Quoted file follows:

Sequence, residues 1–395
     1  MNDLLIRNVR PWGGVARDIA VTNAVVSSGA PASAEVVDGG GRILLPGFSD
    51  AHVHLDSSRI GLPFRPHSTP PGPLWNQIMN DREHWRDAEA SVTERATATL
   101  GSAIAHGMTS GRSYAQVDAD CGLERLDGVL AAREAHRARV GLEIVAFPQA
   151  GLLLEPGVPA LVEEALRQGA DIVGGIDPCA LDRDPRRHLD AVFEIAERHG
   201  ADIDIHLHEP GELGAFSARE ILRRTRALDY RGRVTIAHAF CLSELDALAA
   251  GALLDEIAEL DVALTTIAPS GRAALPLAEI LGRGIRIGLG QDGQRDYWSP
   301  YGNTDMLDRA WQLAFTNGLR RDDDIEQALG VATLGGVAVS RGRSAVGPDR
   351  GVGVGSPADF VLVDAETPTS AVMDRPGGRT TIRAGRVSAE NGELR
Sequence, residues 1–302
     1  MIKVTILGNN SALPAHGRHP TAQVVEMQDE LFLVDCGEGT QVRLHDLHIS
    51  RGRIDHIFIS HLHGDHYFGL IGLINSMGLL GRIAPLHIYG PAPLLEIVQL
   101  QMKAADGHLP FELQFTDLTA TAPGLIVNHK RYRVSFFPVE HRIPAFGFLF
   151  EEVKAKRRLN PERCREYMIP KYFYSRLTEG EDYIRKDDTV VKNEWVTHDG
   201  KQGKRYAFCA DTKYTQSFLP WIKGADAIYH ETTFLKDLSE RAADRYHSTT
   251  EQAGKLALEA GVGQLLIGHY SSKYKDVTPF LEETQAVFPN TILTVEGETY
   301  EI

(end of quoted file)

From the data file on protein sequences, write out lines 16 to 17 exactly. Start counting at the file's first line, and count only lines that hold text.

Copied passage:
   251  EQAGKLALEA GVGQLLIGHY SSKYKDVTPF LEETQAVFPN TILTVEGETY
   301  EI